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The Christians and the Fall of Rome by…

The Christians and the Fall of Rome (1776)

by Edward Gibbon

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A short extract of the great oeuvre of Edward Gibbon, The History of the Decline an Fall of the Roman Empire, this book is concerned with the primitive Christians and the spread of Christianity in the roman world. Considering this was written and published in 1776, it is a matter of wonder to see the very unflattering way the primitive Christians, their beliefs, and their way of living is sometimes portraied by Gibbons. ( )
  FPdC | May 24, 2010 |
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The Christians and the Fall of Rome is a short, 96-page extract from volume 1 of Gibbon's The History of the Decline and Fall of the Roman Empire, (Womersley's Penguin edition). Please do not combine it with either the complete multi-volume work, or the complete versions of volume 1. Also, to avoid confusion and prevent mistaken combinations, please do not give this work the same canonical name as the complete work from which it is excerpted. The extracts and abridgments are considered separate works from the complete edition, for LibraryThing's work system.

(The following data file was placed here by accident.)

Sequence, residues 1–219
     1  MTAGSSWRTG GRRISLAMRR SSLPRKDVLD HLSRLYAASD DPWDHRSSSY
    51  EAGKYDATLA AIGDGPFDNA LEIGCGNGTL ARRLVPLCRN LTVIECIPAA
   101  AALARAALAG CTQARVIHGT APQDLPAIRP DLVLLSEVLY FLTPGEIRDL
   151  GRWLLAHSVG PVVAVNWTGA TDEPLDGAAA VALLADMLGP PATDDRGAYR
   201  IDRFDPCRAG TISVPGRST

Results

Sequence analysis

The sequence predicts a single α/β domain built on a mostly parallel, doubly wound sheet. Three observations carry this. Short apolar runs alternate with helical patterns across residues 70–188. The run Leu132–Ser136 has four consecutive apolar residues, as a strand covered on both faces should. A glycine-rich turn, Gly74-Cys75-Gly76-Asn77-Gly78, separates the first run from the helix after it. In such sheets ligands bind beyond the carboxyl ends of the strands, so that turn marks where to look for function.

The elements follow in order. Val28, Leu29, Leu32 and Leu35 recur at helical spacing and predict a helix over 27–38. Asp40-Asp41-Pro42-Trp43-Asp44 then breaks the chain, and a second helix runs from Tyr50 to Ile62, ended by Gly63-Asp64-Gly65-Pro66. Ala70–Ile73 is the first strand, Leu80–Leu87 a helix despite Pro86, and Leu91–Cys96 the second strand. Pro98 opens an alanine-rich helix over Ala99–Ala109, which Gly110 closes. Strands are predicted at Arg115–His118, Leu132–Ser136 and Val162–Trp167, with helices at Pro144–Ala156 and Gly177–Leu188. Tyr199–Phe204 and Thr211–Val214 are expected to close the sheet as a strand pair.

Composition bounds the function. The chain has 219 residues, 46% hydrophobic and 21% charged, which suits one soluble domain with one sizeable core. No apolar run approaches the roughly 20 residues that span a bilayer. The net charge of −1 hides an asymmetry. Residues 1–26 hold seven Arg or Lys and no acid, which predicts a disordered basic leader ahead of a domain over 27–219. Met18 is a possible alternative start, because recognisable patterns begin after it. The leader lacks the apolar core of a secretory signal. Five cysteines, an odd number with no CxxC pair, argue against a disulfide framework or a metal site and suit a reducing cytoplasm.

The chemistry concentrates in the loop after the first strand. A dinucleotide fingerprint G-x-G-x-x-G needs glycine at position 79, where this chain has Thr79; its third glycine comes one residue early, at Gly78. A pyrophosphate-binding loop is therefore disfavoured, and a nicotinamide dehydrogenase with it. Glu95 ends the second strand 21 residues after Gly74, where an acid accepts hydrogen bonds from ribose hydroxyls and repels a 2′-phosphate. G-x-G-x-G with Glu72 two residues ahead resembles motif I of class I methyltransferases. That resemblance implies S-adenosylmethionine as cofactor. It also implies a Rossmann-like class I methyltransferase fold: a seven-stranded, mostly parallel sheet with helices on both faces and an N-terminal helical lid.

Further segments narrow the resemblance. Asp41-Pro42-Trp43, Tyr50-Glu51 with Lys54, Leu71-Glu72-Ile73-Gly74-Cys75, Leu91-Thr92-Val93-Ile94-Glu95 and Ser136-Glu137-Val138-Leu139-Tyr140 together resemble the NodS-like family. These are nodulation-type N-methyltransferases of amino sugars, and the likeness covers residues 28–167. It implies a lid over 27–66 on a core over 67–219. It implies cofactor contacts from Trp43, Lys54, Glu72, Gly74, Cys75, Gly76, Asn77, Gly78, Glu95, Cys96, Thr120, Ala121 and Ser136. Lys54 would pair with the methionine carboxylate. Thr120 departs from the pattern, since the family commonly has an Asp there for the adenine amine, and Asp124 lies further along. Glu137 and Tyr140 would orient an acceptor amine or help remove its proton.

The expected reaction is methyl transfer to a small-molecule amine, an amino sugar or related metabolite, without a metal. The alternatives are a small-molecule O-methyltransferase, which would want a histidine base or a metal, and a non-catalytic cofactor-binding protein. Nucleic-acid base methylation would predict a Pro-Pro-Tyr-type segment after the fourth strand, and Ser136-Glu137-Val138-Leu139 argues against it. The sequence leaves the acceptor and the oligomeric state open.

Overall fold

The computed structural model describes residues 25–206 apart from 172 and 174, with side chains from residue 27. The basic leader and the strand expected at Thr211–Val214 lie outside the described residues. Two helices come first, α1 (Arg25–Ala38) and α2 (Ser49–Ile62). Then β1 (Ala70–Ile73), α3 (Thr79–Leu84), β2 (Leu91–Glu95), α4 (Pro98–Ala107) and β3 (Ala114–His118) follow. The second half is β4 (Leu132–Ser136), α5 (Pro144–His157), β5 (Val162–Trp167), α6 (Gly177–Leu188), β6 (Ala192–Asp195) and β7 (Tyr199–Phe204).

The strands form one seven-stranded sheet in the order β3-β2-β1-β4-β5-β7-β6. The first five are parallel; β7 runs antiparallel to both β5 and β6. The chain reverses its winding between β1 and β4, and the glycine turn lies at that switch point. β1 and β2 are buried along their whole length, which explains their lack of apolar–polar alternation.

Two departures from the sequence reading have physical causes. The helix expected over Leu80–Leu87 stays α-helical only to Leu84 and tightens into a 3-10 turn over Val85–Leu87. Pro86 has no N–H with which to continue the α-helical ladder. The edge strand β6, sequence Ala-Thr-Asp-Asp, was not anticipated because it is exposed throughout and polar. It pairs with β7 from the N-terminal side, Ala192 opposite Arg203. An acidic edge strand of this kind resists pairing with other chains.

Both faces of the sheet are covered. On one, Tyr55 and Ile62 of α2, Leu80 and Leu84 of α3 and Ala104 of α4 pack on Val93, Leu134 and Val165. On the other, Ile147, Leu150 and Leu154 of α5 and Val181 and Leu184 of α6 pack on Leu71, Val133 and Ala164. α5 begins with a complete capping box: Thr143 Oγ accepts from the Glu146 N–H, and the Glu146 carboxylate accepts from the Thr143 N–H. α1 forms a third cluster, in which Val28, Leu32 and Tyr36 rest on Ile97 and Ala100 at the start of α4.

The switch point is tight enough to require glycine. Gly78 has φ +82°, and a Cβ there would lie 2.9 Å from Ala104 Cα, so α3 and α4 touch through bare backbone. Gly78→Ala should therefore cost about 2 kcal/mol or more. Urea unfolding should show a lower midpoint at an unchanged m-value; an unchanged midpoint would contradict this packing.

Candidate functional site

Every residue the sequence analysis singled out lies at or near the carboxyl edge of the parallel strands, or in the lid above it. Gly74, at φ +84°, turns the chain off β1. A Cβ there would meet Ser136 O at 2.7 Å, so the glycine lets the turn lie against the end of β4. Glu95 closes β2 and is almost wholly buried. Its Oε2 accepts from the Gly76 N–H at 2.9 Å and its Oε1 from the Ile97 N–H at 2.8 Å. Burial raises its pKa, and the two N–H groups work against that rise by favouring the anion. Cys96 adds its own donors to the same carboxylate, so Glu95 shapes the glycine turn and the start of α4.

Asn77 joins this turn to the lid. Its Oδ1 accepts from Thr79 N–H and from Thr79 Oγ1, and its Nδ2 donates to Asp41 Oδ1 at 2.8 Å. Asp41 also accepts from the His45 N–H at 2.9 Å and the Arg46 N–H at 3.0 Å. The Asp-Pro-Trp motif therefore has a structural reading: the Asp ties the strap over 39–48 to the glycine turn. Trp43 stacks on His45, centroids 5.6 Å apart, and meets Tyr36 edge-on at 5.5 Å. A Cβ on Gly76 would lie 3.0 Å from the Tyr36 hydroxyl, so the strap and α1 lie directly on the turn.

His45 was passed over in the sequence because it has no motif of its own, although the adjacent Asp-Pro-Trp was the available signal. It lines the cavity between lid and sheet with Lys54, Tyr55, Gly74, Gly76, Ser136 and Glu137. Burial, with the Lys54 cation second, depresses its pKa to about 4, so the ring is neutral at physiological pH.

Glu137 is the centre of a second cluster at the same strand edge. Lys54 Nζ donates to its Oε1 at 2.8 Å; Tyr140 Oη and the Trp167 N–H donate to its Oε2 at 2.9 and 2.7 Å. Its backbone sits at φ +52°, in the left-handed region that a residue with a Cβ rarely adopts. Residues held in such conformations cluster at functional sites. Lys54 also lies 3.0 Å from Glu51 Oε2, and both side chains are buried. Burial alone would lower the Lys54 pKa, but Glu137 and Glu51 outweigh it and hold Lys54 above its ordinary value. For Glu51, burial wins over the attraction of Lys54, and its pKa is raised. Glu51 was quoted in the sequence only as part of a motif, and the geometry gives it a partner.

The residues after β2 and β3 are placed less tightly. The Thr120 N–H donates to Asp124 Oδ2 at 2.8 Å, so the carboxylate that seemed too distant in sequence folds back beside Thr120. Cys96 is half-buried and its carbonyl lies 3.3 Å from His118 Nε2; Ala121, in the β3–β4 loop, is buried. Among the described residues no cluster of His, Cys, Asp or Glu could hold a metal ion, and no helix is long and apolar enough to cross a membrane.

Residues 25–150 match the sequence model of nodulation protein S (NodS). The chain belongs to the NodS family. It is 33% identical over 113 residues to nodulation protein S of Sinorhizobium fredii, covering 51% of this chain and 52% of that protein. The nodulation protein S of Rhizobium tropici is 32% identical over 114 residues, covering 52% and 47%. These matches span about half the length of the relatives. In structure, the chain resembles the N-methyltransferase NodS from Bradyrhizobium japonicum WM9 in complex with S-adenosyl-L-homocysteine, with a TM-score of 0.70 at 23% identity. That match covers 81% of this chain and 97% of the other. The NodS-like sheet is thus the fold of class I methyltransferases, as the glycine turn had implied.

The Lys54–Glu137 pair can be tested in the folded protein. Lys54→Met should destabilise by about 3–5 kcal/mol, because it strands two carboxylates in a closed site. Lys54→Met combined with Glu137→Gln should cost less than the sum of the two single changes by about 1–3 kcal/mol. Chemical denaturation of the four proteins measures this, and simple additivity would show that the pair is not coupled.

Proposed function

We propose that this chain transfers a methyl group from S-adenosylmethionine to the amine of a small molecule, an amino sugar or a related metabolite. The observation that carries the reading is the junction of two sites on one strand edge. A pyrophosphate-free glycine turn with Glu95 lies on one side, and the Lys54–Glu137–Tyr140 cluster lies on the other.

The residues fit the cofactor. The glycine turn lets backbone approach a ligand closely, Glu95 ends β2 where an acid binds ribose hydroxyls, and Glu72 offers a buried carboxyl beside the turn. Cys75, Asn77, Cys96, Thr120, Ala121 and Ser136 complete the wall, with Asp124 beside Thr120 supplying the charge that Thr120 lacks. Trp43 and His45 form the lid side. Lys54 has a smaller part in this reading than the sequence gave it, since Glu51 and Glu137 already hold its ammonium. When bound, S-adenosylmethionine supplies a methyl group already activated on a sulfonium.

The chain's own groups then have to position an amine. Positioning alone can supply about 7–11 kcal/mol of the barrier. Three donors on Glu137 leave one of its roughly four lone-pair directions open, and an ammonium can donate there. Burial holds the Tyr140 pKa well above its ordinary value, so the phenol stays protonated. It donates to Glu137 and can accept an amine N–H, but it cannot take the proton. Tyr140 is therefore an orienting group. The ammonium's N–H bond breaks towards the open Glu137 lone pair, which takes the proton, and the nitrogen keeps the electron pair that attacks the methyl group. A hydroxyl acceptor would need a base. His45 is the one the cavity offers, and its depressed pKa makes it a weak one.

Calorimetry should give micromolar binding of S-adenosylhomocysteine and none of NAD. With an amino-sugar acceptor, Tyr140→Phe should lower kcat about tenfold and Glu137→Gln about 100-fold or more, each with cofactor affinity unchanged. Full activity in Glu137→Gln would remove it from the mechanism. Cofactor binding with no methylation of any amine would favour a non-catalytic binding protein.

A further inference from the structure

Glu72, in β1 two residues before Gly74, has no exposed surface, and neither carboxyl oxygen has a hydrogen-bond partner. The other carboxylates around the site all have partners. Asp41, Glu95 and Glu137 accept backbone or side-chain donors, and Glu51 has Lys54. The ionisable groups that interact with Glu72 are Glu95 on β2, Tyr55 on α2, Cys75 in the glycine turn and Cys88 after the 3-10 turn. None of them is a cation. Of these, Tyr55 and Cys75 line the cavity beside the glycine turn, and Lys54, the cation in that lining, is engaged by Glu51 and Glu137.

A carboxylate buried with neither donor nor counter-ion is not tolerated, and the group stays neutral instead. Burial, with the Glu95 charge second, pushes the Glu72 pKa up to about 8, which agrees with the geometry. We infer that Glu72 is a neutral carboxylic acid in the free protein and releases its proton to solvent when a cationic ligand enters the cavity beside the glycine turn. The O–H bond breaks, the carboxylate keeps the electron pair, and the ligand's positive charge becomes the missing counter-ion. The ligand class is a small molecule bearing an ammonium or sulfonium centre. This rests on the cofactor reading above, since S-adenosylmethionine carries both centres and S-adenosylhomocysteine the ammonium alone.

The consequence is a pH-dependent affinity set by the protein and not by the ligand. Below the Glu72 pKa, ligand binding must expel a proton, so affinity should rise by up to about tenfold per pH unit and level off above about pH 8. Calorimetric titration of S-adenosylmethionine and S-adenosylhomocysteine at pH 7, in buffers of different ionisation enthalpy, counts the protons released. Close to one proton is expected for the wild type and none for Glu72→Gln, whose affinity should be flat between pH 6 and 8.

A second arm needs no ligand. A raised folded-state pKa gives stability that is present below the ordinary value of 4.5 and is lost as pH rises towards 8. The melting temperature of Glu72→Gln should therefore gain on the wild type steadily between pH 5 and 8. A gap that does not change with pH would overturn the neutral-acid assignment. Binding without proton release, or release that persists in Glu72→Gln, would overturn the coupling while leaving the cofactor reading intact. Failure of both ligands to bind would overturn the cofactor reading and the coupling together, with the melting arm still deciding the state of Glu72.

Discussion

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Throughout history, some books have changed the world. They have transformed the way we see ourselves - and each other. They have inspired debate, dissent, war and revolution. They have enlightened, outraged, provoked and comforted. They have enriched lives - and destroyed them. Now, Penguin brings you the works of the great thinkers, pioneers, radicals and visionaries whose ideas shook civilization, and helped make us who we are. Penguin's Great Ideas series features twelve groundbreaking works by some of history's most prodigious thinkers, and each volume is beautifully packaged with a unique type-drive design that highlights the bookmaker's art. Offering great literature in great packages at great prices, this series is ideal for those readers who want to explore and savor the Great Ideas that have shaped the world. Edward Gibbon's subversive and iconoclastic description of the rise of Christianity inspired outrage upon publication, and remains one of the most eloquent and damning indictments of the delusory nature of faith.… (more)

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